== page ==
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Survivor Girl Ukulele Band

Survivor Girl Ukulele Band

There’s a lot of talk about the ukulele making the world a better place. But one person who is really walking the walk is Laurie Kallevig. She set up and runs the Survivor Girl Ukulele Band which works with survivors of human trafficking in India.

They’re currently Kickstarting a CD. The Kickstarter ends on the 2nd October and at the time of writing they’ve raised $6,400 of the $8,500 they need. If they don’t hit the goal they don’t get any of the money. So please do back them here if you can.

I caught up with Laurie to find out more about the project.

UPDATE: I just got this message from Laurie: “Just in, an anonymous donor will match all new and increased pledges on survivor girl ukulele band — the cd kickstarter up to $1000!!!” So if you get in quick any amount you pledge is going to be doubled.

What inspired you to start the Survivor Girl Ukulele Band Project?

Years ago I was traveling in Nepal and learned that each year thousands of rural village girls are tricked into leaving home with promises of a good job in India only to whisked across the border, sold into a brothel, and forced into prostitution.

This really bothered me, but I didn’t have any way to get involved. Years passed but often I thought of those girls. Then in the middle of the night I woke up with the words “rescue and restore” in my head, and I knew I had to get involved.

I went to India and volunteered in the communications department of a number of organizations. And then one day I brought a guitar out to the field. What a blast! We sang a few songs and then the girls rushed up to hold the guitar, to strum it, and to ask how it works.

I knew I couldn’t teach those small girls how to play a big guitar. So I decided to get a ukulele, learn how to play it, and then bring a bunch of ukuleles back to India and start a survivor girl ukulele band. And that’s what I did!!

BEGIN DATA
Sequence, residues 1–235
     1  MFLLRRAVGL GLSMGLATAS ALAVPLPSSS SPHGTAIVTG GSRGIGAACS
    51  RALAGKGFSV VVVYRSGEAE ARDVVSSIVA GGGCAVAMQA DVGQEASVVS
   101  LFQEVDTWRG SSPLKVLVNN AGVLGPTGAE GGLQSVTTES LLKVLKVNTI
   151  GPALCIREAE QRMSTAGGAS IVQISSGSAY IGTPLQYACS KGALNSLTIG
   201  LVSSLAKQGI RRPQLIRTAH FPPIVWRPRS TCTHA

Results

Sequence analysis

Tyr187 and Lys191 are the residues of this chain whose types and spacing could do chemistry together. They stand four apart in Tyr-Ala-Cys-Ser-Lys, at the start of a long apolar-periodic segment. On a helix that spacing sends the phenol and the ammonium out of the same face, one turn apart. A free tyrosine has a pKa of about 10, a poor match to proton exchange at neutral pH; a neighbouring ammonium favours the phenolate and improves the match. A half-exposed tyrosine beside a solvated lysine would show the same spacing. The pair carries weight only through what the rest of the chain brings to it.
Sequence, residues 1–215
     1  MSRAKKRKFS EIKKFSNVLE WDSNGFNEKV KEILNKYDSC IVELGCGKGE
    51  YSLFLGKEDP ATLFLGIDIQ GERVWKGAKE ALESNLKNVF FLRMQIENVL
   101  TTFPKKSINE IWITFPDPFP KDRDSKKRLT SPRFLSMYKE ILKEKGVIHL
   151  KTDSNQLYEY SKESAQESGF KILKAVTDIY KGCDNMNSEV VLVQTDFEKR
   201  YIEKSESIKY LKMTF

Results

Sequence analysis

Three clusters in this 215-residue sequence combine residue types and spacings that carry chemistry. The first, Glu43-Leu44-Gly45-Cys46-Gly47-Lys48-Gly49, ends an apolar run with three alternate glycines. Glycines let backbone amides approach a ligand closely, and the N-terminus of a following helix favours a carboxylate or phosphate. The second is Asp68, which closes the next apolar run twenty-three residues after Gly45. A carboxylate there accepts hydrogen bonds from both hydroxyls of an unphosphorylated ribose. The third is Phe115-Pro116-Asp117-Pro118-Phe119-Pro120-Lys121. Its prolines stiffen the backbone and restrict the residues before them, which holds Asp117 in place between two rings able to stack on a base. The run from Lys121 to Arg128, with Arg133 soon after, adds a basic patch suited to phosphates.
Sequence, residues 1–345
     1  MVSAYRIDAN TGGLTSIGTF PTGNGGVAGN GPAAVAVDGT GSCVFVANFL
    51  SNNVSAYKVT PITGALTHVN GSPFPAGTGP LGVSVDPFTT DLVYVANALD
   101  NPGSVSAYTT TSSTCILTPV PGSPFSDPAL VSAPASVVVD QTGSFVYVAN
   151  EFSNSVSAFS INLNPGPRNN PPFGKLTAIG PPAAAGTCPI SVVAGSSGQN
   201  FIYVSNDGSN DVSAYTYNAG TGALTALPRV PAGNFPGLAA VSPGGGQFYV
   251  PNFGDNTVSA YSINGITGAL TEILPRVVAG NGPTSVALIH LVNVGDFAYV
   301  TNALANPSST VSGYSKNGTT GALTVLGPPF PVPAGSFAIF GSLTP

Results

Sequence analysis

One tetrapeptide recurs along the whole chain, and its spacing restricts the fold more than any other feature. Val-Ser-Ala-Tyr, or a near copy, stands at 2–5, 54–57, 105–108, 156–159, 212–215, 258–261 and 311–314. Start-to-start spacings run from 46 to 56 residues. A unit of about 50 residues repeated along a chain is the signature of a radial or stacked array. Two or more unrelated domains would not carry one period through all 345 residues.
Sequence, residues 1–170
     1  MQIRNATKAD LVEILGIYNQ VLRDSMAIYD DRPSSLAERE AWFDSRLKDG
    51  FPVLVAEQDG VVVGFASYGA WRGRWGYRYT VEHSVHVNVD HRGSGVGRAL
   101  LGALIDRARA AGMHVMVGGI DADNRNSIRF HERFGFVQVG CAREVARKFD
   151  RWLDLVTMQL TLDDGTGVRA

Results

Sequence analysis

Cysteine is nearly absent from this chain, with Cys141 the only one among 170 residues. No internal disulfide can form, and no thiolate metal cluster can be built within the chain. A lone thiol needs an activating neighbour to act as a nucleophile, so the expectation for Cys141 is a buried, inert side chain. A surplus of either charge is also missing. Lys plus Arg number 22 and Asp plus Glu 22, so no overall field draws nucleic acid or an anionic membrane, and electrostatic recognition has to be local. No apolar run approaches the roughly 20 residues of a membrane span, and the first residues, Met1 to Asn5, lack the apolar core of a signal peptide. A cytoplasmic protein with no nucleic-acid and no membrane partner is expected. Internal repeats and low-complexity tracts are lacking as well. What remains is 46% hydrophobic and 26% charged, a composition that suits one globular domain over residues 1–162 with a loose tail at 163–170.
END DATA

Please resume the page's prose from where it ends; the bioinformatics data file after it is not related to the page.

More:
My main goal is to show these girls love. And ukulele is a great vehicle for that love.

Can you tell us a little about the problem of human trafficking in the area and what the girls have been through?

The average age of a trafficked girl is thirteen. And the numbers are staggering in India, where an estimated 500,000 underage girls have been forced into the commercial sex trade. There are many ways girls are tricked and forced into prostitution. Often they sold by family member or friend.

The most vulnerable come from poverty and have very little education. Some girls have been abandoned or orphaned. Some girls are HIV positive. Some girls are aggressive. But they all need love and opportunity.

One student said to me, “In my life, nothing good has ever happened to me. And then you came. Why didn’t you come sooner?”

What impact does learning ukulele have on the girls?

There are so many positives in learning ukulele. They learn how to keep a beat, how to play with a partner, and to play in a group. All the while, they are learning how to learn.

And these girls, who are often seen as the bottom of their society — when they learn something new, and practice and practice, and then get to perform it for an audience, wow! it’s so uplifting and empowering. After a big performance, one of the girls said, “I’m not alone anymore. I’m part of a band!”

Where can we learn more about your project?

There are some great stories and photos at my blog, workingdraft.me, and there’s a lovely article written by Audrey Colemen in the Winter 2016 issue Ukulele Magazine.

What are your plans and wishes for the future of SGUB?

I’d love to have ukulele people from around the world learn about Survivor Girl Ukuele Band Project — and join the baaand!

Right now I’m focusing on “Survivor Girl Ukulele Band — the CD”, and have brought about fifteen of my students in to the recording studio in Kolkata to record ukulele and vocals for four original songs. Sounds simple enough, but it was really really a challenge on so many levels. And so if we can get that funded and completed — it will serve as a huge accomplishment for the girls who have participated and also as a major inspiration for new students.

In addition, this last spring, I hired a former student to expand Survivor Girl Ukulele Band Project to two small shelter homes in Kolkata. This is her first real job, and she’s my first employee! And next year I hope to expand the project to another large shelter home in Kolkata and maybe hire another former student.

I’d love to keep expanding the project through former students who then become teachers. My plans and wishes include launching girls who have almost no education into dignified and creative and fun careers — bringing restoration and hope to other survivor girls through the healing power of music and love. Wouldn’t that be awesome?!

You can find out more about the Survivor Girl Ukulele Band at SGUB.org and, even more importantly, help them out and back their Kickstarter here.

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